WASHINGTON – The U.S. Post Office is cutting back to three days – Monday, Wednesday and Friday.
The post office announced that it is dropping delivery on Tuesday, Thursday and Saturday. And it plans a massive rate increase – both in an effort to fend off a projected $7 billion loss this year.
Without drastic action the agency could face a cumulative loss of $238 billion over 10 years, Postmaster General John Potter said in releasing a series of consultant reports on agency operations and its outlook.
“The projections going forward are not bright,” Potter told reporters in a briefing. But, he added, “all is not lost … we can right this ship.”
Sen. Tom Carper, D-Del., chairman of the Senate subcommittee with oversight authority over the Postal Service, called on Congress to give the post office the flexibility to deal with its future needs.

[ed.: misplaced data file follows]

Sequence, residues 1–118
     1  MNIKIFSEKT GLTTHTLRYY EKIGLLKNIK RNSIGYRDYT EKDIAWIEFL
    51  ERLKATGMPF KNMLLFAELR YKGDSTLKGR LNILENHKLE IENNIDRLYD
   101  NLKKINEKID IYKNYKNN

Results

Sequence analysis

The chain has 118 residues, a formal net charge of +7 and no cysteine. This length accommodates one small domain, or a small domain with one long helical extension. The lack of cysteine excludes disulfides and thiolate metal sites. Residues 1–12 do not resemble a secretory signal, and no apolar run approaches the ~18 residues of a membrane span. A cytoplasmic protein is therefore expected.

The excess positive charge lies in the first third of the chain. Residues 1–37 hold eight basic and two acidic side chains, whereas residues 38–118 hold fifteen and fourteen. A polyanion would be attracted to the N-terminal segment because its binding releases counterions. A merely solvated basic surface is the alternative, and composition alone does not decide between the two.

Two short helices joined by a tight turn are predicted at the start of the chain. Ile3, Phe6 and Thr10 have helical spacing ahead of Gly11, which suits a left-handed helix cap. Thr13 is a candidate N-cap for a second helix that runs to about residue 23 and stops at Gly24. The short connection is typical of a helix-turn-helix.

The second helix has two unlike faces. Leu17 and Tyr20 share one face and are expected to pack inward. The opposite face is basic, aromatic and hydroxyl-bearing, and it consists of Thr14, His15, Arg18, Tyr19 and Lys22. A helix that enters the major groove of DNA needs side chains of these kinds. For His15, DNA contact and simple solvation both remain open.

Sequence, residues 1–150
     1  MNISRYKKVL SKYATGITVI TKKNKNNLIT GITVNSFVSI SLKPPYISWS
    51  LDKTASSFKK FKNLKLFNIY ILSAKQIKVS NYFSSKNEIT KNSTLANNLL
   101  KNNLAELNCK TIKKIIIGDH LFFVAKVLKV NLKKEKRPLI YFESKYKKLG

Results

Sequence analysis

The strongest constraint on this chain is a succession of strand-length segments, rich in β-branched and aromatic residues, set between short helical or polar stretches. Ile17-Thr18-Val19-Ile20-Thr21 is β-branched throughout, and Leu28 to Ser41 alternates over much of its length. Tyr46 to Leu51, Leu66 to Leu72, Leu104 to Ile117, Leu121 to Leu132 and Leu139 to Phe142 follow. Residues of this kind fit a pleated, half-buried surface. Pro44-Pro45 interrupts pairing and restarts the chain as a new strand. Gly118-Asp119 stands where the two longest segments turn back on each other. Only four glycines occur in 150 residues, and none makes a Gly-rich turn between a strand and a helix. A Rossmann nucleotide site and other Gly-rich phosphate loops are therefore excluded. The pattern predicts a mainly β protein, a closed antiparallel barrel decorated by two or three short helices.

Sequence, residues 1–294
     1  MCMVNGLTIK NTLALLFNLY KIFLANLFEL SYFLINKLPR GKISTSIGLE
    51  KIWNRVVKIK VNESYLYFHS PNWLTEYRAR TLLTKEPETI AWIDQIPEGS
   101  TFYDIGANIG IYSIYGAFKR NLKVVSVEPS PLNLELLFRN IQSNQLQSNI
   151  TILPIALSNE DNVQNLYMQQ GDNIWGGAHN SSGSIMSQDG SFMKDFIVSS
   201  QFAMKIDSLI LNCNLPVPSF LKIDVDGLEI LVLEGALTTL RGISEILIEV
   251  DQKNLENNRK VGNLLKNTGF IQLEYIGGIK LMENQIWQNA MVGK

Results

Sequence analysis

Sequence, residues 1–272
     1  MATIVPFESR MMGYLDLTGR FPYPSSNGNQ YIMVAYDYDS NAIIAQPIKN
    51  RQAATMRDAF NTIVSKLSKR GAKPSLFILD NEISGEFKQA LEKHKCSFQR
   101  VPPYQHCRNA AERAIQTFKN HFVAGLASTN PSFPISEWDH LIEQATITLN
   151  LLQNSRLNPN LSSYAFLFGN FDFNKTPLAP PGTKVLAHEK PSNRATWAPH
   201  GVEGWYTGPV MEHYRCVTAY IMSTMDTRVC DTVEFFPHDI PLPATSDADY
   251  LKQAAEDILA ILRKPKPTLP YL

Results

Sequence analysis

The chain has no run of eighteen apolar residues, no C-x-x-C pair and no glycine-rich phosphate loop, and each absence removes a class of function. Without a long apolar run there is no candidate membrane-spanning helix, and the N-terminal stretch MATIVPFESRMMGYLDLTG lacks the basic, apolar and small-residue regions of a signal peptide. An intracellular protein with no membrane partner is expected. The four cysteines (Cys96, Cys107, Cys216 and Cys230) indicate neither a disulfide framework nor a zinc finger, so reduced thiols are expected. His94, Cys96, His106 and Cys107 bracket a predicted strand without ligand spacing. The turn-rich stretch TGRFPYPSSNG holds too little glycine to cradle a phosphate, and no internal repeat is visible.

“In light of the serious financial challenges facing the Postal Service, postal management must be allowed to make the business decisions they need to stay competitive and viable in the years to come. As we have seen, it is not productive for Congress to act like a 535-member board of directors and constantly second-guess these necessary changes,” Carper said in a statement.
Frederic V. Rolando, president of the National Association of Letter Carriers, also urged Congress to provide the post office with “financial breathing room,” but he opposed eliminating three days of delivery.
“I do not believe that weakening our commitment of six-day service to the public will enhance the long-term position of the Postal Service as a critical element in our nation’s economic infrastructure,” Rolando said.”
As Americans turn more and more from paper to electronic communications, the number of items handled by the post office fell from 213 billion in 2006 to 177 billion last year. Volume is expected to shrink to 150 billion by 2020.